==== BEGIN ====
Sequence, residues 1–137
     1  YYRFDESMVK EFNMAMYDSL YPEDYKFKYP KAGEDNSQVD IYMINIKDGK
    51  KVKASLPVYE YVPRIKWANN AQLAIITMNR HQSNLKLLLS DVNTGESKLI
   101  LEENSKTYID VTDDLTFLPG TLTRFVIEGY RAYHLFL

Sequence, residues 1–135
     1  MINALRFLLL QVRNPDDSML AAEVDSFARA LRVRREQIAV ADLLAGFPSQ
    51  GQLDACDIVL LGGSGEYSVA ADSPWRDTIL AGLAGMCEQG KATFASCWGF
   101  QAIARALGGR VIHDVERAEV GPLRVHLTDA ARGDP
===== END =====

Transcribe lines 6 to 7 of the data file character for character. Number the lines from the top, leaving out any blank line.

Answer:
     1  MINALRFLLL QVRNPDDSML AAEVDSFARA LRVRREQIAV ADLLAGFPSQ
    51  GQLDACDIVL LGGSGEYSVA ADSPWRDTIL AGLAGMCEQG KATFASCWGF